While not as common, there are some cool nicknames

'Scrabble,' 'Kung Fu Panda,' 'Big Papi,' 'The Freak,' among game's best monikers

While not as common, there are some cool nicknames

Baseball nicknames just aren't quite what they used to be. All-timers such as Bip (Roberts), Pokey (Reese), Cookie (Rojas), Bake (McBride) and Boog (Powell) have retired and moved out of our collective consciousness, replaced by a largely boring group of successors.

Take, for example, some of the most high-profile baseball nicknames today: "Miggy" for Miguel Cabrera, "Kersh" for Clayton Kershaw, "Tulo" for Troy Tulowitzki. Those aren't real nicknames -- those are lazy, simple abbreviations or slight embellishments that require minimal effort at best. In other words, nicklame.

While today's big leagues have has nothing on the Negro Leagues of the 1940s, which produced by far the best nicknames ever (including "Cool Papa," "Satchel," "Turkey" and "Double Duty," just to name a few), there are still some good ones out there, even ones that don't have to "stay in the clubhouse."

Here, in no particular order of preference, is a starting lineup of nine of the best nicknames in the big leagues, along with a pretty solid bench:

1. Marc "Scrabble" Rzepczynski, LHP, Indians
This one should be self-explanatory, and it has more of a ring to it than "Words With Friends." If you're wondering how many points you'd score if you spelled out the reliever's name, well, proper names are unusable in Scrabble, so it's time to move on to Best MLB nickname No. 2.

2. Pablo "Kung Fu Panda" Sandoval, 3B, Giants
Whenever anyone talks about Barry Zito's tenure with the Giants, the seven-year, $126 million contract is often one of the first things mentioned. That might not have been a highlight of general manager Brian Sabean's decorated stint with the club, but Zito did clutch up big-time in 2012 and help the team to its second World Series in three years. And another contribution of Zito's that goes unnoticed is this nickname for the team's lovable third baseman. In fact, it's documented on Sandoval's personal website: "On September 19, 2008, he received the nickname 'Kung Fu Panda' from teammate Barry Zito, after a play on where Sandoval scored a run against the Dodgers by jumping over the tag of catcher Danny Ardoin."

3. Scooter Gennett, 2B, Brewers
We think late Yankees legend and Hall of Fame shortstop Phil "Scooter" Rizzuto would approve of his moniker being transferred to this rising National League star infielder, who was born Ryan Joseph Gennett but decided to call himself Scooter because of Muppet Babies character Baby Scooter at the age of 5. There was a particular incident with the police related to this decision, as Scooter's mom, Tina, explains perfectly.

4. David "Big Papi" Ortiz, DH, Red Sox
Only a grizzly of a dude with a huge swing and a huger smile could pull off this nickname. Ever since Theo Epstein astutely plucked him out of the non-tender scrap heap in the winter of 2002, Ortiz, his monster bat and his authentic Dominican nickname have been as much of a part of Beantown lore as Fenway Pahhhhk itself. We'll see if Cleveland's recent Draft pick, Mike Papi, can inherit the nickname.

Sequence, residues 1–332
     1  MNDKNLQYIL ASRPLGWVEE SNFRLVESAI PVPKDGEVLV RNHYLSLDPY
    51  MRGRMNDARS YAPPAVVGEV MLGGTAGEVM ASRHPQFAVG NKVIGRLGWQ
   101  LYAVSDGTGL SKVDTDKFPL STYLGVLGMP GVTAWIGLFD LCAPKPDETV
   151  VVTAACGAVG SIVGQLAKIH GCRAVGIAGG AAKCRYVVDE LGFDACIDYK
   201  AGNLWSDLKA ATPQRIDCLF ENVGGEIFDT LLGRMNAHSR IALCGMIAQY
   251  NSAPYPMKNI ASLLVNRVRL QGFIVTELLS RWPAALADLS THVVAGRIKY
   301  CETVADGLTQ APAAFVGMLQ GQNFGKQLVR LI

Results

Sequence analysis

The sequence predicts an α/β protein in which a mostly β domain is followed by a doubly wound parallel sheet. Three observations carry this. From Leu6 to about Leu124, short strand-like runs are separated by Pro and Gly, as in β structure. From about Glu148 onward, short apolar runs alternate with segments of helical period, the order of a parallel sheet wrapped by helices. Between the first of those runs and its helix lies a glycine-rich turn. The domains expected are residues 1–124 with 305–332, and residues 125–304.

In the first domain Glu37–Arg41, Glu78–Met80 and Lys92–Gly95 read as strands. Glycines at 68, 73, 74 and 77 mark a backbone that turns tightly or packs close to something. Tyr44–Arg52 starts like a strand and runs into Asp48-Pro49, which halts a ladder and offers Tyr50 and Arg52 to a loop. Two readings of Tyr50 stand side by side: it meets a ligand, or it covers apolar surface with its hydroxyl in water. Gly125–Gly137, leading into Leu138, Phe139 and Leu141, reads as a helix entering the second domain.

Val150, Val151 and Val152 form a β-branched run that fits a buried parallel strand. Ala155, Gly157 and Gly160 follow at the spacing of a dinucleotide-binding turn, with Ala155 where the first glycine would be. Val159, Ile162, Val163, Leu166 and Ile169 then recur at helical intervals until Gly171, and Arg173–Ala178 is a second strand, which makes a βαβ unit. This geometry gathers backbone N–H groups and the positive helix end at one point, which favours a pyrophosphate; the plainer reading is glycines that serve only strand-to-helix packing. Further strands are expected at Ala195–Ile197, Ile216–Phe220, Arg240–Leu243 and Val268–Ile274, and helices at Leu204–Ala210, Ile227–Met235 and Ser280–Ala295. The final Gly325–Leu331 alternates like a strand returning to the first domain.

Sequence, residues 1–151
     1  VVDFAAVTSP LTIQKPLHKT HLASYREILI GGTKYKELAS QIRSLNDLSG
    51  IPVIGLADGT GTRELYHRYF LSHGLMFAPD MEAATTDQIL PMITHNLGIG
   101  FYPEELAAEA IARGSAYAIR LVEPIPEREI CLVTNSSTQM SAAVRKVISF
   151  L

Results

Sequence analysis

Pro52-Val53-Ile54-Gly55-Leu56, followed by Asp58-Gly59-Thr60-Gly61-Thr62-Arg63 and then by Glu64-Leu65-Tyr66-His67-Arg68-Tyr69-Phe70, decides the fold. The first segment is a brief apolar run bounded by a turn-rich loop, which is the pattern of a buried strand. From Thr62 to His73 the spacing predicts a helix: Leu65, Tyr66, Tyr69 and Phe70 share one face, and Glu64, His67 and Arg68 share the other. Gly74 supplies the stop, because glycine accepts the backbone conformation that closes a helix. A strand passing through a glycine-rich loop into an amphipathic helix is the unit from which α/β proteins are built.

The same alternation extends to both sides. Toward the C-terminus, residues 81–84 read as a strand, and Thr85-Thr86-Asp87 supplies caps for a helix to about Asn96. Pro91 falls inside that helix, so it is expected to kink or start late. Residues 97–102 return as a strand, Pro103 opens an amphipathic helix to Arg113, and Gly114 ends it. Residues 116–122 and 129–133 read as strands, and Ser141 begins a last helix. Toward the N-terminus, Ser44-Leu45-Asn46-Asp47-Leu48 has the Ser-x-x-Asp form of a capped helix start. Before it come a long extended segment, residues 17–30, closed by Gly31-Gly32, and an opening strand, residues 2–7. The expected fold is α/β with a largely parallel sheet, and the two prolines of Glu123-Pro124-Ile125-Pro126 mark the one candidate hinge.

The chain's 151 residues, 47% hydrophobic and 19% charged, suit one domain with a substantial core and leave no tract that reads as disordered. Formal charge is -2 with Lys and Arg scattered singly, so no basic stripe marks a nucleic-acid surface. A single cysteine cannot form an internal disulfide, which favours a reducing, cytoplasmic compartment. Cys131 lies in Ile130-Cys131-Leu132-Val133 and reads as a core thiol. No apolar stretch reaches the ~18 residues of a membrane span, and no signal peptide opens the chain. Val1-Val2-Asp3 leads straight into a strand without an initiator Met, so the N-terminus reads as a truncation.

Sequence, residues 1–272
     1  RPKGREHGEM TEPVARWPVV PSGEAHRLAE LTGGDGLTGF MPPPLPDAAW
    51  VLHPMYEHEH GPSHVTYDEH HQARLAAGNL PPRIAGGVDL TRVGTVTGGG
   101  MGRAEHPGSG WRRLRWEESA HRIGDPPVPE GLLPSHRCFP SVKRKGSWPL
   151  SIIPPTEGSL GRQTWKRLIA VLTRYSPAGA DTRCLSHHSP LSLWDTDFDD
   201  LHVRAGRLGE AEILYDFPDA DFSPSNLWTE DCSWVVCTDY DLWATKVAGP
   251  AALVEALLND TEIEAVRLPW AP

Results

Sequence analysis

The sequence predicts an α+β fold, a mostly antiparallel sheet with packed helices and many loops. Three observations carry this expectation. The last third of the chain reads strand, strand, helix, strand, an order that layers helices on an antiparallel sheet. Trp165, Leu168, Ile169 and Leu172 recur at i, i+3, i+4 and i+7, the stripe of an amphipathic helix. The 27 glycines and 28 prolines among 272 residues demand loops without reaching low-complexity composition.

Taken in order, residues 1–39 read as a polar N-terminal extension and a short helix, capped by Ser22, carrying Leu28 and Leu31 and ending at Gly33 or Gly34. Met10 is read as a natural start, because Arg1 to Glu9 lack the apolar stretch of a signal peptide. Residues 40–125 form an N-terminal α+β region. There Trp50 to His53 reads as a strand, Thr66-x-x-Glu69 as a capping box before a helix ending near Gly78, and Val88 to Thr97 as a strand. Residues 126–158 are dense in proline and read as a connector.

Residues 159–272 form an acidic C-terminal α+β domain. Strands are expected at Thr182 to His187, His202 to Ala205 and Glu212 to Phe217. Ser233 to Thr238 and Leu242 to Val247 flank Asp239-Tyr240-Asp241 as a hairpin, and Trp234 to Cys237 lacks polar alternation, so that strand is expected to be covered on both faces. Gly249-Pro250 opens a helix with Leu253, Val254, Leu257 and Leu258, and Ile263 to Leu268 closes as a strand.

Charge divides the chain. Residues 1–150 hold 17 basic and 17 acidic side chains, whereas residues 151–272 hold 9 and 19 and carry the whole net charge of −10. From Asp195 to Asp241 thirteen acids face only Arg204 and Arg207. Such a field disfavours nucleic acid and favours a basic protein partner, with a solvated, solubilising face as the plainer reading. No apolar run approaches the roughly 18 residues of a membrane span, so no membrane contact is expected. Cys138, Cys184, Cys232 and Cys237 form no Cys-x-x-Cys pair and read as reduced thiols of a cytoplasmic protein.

5. Coco Crisp, OF, A's
He was born Covelli Crisp, which is interesting enough and helps explain how that turned to "Coco." And while "Coco" might not be incredibly creative, Crisp scores tons of extra points simply because when you place this nickname in front of the last name Crisp, you've got, hands down, one of the great names in baseball history.

6. Casey "Hits" McGehee, 3B, Marlins
We just learned about this one and we're really glad we did. If you don't know where it comes from, we urge you to see the film "Anchorman" immediately.

7. Tim "The Freak" Lincecum, RHP, Giants
When you've won two National League Cy Young Awards and two World Series rings and thrown two no-hitters and you're maybe 5-foot-11 and maybe 170 pounds soaking wet and you're 30 years old and look like you're 15, even when you have that mustache, well, "The Freak" is a pretty awesome nickname. And a pretty awesome pitcher.

8. Yasiel "Wild Horse" Puig, OF, Dodgers
If Vin Scully gives you a nickname, you wear it proudly, and El Caballo Loco certainly has. His 2013 season was a tour de force of incredible power, speed and throwing from the outfield as well as the occasional lapse of judgment on the basepaths or on defense. The Cuban sensation has matured quite a bit in 2014, his first full season, and has understandably become less loco and more of a caballo for Los Dodgers. He's also become an All-Star.

9. Jose "Joey Bats" Bautista, OF, Blue Jays
Bautista got this nickname when he was an up-and-comer with the Pittsburgh Pirates, before his 54-homer breakout for the Jays in 2010, so it was prescient as well as perfect. In fact, he likes it so much that he made it part of his Twitter handle, @JoeyBats19. If that's not the ultimate in flattery in the year 2014, we don't know what is.

Bench: "King" Felix Hernandez; Mookie Betts; Mike "Millville Meteor" Trout; Matt "Big City" Adams; Michael "Dr. Smooth" Brantley; Jeff "Shark" Samardzija; Michael "The Beast" Morse; Chris "Crush" Davis; Khris "Khrush" Davis; Ben "Zorilla" Zobrist; Francisco "K-Rod" Rodriguez.

Doug Miller is a reporter for MLB.com. Follow him on Twitter @DougMillerMLB. This story was not subject to the approval of Major League Baseball or its clubs.